Former Maryland Terrapin guard Greivis Vasquez, who is now a member of the Memphis Grizzlies, is in his native Venezuela this week as part of a U.S. State Department "sports diplomacy" program that hopes to use athletes to improve international relations, especially between countries with strained relationships.
Vasquez, a Venezuelan citizen, is teaming with former NBA player Darvin Ham and former WNBA Player Kayte Christensen to hold a series of basketball clinics for kids, as well as meet with local sports officials. It's a similar mission to the one Orioles Hall of Famer Cal Ripken went on with the State Department to China several years ago.
"We want to help young kids understand life is more than basketball. It's more than sports," Vasquez told the Associated Press in a telephone interview. "I want kids to understand that with hard work, everything is possible."
Vasquez said he approached the U.S. Embassy in Caracas recently about doing some work for the community. Ann Stock, the State Department's assistant secretary of state for educational and cultural affairs, said that Vasquez's name came up when the State Department contacted the NBA about its program.
"Close to 65 percent of the people in the world are under age 30," Stock said. "We need to figure out ways to engage with those young people, and sports have always been a way to do that. Greivis is a perfect person for this program, because he's so personable and he's a role model to a lot of kids. He's going to learn a lot too."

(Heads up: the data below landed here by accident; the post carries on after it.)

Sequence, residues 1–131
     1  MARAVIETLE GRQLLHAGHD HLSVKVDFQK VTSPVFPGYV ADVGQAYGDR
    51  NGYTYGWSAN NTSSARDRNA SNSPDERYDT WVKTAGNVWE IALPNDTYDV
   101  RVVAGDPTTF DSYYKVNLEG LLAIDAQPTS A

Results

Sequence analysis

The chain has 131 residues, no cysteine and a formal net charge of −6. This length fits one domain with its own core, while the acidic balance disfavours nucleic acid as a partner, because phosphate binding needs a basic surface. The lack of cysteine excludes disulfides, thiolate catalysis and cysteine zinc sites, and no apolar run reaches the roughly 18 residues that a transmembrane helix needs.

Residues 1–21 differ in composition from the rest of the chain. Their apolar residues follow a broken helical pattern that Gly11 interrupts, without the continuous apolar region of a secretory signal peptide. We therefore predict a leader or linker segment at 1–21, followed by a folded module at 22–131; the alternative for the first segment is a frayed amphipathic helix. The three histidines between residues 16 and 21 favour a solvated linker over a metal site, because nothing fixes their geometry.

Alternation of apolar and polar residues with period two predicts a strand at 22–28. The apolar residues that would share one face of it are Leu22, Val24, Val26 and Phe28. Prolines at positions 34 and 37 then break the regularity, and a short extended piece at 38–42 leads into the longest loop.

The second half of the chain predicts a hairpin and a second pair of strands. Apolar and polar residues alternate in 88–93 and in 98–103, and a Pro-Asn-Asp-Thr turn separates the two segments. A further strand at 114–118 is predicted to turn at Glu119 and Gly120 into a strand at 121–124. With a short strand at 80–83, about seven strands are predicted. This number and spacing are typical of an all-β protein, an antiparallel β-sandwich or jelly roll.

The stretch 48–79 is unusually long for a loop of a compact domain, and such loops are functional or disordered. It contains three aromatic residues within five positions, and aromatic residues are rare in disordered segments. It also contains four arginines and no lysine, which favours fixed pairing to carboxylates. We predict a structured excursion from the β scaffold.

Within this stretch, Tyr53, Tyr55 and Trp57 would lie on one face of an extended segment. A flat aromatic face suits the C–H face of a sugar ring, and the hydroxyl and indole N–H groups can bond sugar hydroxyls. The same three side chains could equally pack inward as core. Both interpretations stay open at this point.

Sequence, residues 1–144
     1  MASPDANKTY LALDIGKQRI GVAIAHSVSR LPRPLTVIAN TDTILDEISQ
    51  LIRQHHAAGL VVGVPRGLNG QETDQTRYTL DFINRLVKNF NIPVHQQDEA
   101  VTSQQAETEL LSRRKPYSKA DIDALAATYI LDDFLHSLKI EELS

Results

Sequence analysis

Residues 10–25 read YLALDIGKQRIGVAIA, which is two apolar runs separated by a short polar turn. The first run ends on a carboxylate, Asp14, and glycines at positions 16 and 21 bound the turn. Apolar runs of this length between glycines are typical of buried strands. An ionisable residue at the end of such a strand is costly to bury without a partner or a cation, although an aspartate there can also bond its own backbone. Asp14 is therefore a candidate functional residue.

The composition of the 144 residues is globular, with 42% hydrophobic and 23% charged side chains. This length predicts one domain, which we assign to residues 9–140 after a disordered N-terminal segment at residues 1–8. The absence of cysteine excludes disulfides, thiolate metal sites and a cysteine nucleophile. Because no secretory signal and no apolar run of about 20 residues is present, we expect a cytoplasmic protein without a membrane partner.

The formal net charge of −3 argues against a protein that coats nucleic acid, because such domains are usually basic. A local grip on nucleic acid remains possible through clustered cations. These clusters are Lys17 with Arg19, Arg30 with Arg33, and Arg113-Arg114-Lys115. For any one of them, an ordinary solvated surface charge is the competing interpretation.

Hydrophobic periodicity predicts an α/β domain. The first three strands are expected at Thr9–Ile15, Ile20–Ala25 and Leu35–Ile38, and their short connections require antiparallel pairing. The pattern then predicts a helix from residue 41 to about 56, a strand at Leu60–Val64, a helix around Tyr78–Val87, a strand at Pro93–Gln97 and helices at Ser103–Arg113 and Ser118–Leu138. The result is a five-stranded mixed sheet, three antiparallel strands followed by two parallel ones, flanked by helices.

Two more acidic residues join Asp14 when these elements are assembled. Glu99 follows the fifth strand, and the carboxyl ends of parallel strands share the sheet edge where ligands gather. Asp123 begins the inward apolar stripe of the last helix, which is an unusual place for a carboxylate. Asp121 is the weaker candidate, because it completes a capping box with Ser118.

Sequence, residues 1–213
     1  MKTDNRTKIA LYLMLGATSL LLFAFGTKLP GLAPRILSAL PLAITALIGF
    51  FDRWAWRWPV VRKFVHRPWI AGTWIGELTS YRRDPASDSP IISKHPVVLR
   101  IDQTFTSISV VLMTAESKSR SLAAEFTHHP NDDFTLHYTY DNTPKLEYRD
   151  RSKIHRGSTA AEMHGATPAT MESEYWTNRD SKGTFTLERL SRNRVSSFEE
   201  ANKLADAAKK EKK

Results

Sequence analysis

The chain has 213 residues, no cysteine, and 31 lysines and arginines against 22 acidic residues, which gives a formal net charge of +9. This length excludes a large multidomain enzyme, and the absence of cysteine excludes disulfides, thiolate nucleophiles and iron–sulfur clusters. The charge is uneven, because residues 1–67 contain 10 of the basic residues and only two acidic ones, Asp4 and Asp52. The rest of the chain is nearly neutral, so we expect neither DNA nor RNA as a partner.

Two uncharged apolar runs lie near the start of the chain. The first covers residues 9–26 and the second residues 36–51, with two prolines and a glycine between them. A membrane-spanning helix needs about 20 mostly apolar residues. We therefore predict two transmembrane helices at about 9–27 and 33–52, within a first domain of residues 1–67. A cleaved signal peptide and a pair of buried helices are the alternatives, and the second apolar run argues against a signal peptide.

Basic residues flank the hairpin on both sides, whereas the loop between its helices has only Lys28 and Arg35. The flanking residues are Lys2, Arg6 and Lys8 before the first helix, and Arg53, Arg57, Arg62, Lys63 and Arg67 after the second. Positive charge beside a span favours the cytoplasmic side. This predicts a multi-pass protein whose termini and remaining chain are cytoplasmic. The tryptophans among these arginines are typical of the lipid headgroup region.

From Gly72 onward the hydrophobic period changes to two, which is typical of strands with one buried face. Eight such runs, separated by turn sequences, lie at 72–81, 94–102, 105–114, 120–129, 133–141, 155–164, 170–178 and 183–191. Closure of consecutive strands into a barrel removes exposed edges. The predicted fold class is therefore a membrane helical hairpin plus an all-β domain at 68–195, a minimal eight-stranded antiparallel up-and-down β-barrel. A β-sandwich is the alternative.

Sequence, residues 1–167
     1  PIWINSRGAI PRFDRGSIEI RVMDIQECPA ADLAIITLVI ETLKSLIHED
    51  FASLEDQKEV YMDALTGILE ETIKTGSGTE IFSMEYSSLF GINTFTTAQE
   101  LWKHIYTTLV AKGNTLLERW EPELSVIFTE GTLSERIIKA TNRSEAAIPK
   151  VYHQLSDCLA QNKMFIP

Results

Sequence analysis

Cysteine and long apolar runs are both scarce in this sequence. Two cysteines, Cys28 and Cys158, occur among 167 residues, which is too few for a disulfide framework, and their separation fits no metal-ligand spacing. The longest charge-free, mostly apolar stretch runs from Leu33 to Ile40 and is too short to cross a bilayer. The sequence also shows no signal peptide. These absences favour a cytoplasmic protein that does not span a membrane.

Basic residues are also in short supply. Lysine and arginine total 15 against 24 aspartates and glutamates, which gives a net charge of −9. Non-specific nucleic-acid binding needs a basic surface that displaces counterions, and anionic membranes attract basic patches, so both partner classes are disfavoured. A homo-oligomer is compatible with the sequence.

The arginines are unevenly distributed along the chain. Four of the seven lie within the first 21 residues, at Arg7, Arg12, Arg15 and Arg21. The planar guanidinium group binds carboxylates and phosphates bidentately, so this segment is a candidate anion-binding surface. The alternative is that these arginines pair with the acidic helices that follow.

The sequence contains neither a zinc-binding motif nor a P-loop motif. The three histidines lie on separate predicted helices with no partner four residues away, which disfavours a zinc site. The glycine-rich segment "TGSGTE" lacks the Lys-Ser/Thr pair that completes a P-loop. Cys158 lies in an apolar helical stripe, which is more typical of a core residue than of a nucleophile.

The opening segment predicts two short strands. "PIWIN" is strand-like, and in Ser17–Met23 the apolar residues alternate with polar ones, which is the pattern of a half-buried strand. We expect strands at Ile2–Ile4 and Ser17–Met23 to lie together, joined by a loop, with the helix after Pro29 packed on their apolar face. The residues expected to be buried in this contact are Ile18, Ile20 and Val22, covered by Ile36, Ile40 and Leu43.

Stock said the State Department likes using basketball to reach out to kids because it's become such an international game. Kids in Venezuela may not always grow up presented with a positive images of the United States, but basketball can still help shape their world view. Over the course of the State Department's SportsUnited program, 42 NBA players and WNBA players have gone to foreign countries to conduct clinics and reach out to kids. This year, there are plans to visit the Dominican Republic, Hati, India, Jordan, the People's Republic of Congo and Uzbekistan.
"If you think about what you learn on the court, you can also take that and apply it to life," Stock said. "Basketball is about teamwork, about leadership, about building confidence in yourself, and about figuring out how tot work together. That's what young people can take away from it, regardless of their background. It allows us to open up a conversation in many, many different ways."
Vasquez declined to comment on whether the trip could help relations between the two nations. The U.S. recently imposed sanctions on Venezuela's state oil company for doing business with Iran.
"I'm an athlete. I don't have any connection with the politics at all," Vasquez said. "It's a good sport to unite people. … The political side I can't control."
Stock said that Secretary of State Hillary Clinton sees programs like SportsUnited as an important part of diplomacy.
"She likes to talk about "smart power," Stock said. "We like to say there are three legs to a stool: One is diplomacy, one is defense, and the other is development. She looks at diplomacy in the 21st century and understands we've got to engage young people. Greivis can do that, because he grew in Venezuela, and was a No. 1 draft choice. Kids are going to respond to him."
Kathleen Behrens, the NBA's executive vice president of social responsibility and player programs, told the Associated Press that the league sees such partnerships as ways to "grow the game."
"It's also a great experience for players who participate," she said. "They are great ambassadors for our sport."
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